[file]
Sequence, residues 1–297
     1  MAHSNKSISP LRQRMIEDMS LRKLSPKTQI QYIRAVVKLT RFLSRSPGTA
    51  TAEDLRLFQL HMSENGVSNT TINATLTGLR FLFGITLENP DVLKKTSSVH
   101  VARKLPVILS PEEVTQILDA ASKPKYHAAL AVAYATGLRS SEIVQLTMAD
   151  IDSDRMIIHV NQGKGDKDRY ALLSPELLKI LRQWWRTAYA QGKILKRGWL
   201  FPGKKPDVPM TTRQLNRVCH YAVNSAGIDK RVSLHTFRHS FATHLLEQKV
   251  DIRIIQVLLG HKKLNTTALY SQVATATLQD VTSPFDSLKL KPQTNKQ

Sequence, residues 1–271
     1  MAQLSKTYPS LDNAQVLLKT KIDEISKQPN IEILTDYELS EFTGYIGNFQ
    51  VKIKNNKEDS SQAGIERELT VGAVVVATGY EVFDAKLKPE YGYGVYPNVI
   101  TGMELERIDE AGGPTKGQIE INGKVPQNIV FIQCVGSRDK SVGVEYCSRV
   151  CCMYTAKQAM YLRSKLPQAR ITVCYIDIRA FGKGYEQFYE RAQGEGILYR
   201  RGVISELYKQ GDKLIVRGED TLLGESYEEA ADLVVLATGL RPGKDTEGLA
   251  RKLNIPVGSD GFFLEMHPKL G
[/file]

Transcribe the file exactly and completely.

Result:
Sequence, residues 1–297
     1  MAHSNKSISP LRQRMIEDMS LRKLSPKTQI QYIRAVVKLT RFLSRSPGTA
    51  TAEDLRLFQL HMSENGVSNT TINATLTGLR FLFGITLENP DVLKKTSSVH
   101  VARKLPVILS PEEVTQILDA ASKPKYHAAL AVAYATGLRS SEIVQLTMAD
   151  IDSDRMIIHV NQGKGDKDRY ALLSPELLKI LRQWWRTAYA QGKILKRGWL
   201  FPGKKPDVPM TTRQLNRVCH YAVNSAGIDK RVSLHTFRHS FATHLLEQKV
   251  DIRIIQVLLG HKKLNTTALY SQVATATLQD VTSPFDSLKL KPQTNKQ

Sequence, residues 1–271
     1  MAQLSKTYPS LDNAQVLLKT KIDEISKQPN IEILTDYELS EFTGYIGNFQ
    51  VKIKNNKEDS SQAGIERELT VGAVVVATGY EVFDAKLKPE YGYGVYPNVI
   101  TGMELERIDE AGGPTKGQIE INGKVPQNIV FIQCVGSRDK SVGVEYCSRV
   151  CCMYTAKQAM YLRSKLPQAR ITVCYIDIRA FGKGYEQFYE RAQGEGILYR
   201  RGVISELYKQ GDKLIVRGED TLLGESYEEA ADLVVLATGL RPGKDTEGLA
   251  RKLNIPVGSD GFFLEMHPKL G